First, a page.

It took me a long time to learn how to figure out what time it was in Los Angeles when it was at 7 AM in Houston.
Notice on this time zone map that the numbers count in a very intuitive way across the US:
Global time zones are more of a challenge.
Many of you get the weekly Someday? Monday! newsletter that I send out. Generally it should arrive in your inbox between 3 PM and 6 PM Thursdays – in your local time zone.
Which means any changes that I had to do must happen before you get the e-mail at 3pm on Thursday.
But not everybody lives in Texas. So my deadline is not 3 PM on Thursday, really. It’s the first time anyone in the world encounters 3 PM Thursday.
In order for me to make the deadline for a global audience, it was essential to figure out what time in Houston that is.
Greenwich Mean Time -6
According to the website Greenwich Mean Time:
Greenwich Mean Time (GMT) was established in 1884 at the International Meridian Conference, when it was decided to place the Prime Meridian at Greenwich, England.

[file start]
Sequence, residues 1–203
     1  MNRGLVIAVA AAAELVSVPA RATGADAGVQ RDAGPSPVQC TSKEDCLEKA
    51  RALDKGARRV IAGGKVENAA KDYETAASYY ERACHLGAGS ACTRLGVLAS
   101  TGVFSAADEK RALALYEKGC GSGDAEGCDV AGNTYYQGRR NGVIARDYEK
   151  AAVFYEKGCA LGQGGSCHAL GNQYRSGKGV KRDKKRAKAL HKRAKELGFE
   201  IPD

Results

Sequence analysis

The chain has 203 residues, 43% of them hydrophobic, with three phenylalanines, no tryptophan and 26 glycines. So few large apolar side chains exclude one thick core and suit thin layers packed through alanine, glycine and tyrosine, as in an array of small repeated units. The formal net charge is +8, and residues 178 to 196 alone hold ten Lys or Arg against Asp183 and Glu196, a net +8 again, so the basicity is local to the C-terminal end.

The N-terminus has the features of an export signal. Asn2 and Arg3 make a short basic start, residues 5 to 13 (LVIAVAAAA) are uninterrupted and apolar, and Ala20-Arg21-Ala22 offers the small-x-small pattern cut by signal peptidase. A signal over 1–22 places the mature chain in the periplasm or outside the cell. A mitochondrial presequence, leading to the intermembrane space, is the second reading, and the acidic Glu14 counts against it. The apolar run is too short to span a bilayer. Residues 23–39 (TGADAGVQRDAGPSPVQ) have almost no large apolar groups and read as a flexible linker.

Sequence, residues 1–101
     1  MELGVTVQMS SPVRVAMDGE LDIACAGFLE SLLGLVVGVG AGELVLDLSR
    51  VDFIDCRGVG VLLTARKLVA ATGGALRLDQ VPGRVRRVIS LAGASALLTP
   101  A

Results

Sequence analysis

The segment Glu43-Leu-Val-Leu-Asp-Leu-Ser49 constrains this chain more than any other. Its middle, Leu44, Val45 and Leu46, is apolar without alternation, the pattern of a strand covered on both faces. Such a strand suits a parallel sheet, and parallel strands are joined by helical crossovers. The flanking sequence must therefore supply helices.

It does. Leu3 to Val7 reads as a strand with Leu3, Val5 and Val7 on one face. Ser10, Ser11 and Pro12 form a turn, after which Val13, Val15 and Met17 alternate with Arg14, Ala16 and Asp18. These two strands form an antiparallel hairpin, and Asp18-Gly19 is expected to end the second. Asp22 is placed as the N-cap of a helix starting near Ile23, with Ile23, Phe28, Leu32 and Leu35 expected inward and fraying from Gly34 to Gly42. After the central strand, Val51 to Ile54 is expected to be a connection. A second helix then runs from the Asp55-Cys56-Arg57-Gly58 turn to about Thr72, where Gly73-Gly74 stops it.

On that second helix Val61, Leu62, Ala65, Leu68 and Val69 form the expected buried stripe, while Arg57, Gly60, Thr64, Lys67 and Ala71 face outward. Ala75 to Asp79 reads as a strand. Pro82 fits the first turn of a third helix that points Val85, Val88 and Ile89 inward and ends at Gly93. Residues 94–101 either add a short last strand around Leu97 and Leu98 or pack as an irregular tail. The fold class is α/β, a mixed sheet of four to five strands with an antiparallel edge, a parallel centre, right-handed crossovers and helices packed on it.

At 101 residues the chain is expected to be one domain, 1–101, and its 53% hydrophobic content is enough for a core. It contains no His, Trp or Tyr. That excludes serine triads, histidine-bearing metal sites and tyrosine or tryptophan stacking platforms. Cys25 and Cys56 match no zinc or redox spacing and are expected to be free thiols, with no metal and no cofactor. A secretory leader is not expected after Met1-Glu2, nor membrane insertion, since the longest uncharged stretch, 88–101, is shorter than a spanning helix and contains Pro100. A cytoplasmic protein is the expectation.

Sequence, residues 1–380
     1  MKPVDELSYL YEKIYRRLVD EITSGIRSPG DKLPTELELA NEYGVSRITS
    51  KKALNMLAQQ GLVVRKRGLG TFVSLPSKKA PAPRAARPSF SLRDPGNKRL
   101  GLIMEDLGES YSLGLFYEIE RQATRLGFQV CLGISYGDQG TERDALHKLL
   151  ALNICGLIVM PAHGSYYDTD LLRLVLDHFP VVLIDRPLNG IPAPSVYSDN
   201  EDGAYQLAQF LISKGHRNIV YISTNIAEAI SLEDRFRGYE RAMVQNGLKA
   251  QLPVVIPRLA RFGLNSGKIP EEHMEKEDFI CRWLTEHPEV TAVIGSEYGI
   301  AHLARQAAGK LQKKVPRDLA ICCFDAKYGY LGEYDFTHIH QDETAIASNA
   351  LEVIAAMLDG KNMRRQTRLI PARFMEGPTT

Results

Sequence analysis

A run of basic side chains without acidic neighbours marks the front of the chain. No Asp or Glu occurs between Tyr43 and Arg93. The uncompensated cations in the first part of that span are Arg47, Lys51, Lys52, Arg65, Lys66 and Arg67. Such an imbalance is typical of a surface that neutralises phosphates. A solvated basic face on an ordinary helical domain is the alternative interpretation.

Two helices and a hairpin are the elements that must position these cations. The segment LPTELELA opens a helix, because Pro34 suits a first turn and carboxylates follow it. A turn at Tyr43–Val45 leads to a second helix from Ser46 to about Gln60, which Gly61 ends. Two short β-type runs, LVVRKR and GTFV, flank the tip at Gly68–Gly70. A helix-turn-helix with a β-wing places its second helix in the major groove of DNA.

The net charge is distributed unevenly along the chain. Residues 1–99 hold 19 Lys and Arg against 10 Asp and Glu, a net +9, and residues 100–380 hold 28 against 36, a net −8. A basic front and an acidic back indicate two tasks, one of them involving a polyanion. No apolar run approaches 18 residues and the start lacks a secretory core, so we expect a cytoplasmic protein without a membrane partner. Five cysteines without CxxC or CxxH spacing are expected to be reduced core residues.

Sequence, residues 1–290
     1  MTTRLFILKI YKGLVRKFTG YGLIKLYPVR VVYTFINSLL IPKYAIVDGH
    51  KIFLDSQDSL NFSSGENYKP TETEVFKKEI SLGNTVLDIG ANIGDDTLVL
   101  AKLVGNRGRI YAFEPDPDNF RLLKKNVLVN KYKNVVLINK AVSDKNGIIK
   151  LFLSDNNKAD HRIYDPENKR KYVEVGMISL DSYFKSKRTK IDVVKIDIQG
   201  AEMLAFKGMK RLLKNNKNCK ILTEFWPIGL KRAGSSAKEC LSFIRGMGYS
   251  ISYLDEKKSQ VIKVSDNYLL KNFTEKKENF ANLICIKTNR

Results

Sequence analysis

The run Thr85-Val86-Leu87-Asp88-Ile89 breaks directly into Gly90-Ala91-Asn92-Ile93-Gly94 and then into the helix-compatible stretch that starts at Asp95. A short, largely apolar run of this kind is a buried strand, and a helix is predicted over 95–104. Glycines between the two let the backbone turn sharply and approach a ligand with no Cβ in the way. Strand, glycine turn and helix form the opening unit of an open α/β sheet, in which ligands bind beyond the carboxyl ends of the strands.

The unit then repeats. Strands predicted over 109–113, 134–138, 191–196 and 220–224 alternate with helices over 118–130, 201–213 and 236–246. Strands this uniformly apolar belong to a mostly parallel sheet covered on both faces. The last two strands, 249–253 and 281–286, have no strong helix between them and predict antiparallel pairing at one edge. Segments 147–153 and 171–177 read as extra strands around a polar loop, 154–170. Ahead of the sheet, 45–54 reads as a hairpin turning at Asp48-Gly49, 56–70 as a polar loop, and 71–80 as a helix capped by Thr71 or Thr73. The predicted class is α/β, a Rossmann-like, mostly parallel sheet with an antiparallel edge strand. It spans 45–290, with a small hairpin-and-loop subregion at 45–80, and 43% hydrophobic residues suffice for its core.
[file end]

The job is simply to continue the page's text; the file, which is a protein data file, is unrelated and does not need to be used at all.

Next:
All time zones range from GMT -12 hours GMT +12 hours. Houston is Greenwich Mean Time -6 hours. Which means it should be a rather easy exercise.
All I have to do is add my six hours on the left side of the Meridian to the 12 hours on the right side to see that I’m 18 hours difference.
I subtract 18 hours from 3 PM Thursday to arrive at 9 PM Wednesday as my true deadline.
But we all know what happens when you say, “all you have to do is.”
I used maps, charts and a lot of time.
As I mentioned in the discussion of the book What Your Math Problem?, I often use very crude methods to solve problems.
I opened up a world time zone map, started counting and making charts:
I didn’t solve the problem traditionally.
Often when grownups present math problems to kids, they’ve prepared. They demonstrate working a problem like I worked it above:
Add my six hours on the negative side of Greenwich Mean Time to the 12 hours on the positive side. I’m 18 hours difference. Subtract 18 hours from 3 PM Thursday to arrive at 9 PM Wednesday as my true deadline.
But that’s not the real way we do math. We often use the Fret & Grind method. Fret about what’s going on, grind out some rough sketches. Then fret some more…
So why do we show kids the nice way?
If they see the “all you have to do is” way, then they won’t gain the confidence to use the Fret & Grind method.
And the Fret & Grind method is the best way – sometime the only way.
How do you teach time zone math? Do you encourage Fret & Grind?
You might also like:
- What’s Your Math Problem? Book Study
- 1 Word to Eliminate from Your Teaching Vocabulary
- 7 Ways to Wrangle a Word Problem
- How to Free Your Students from Math Anger
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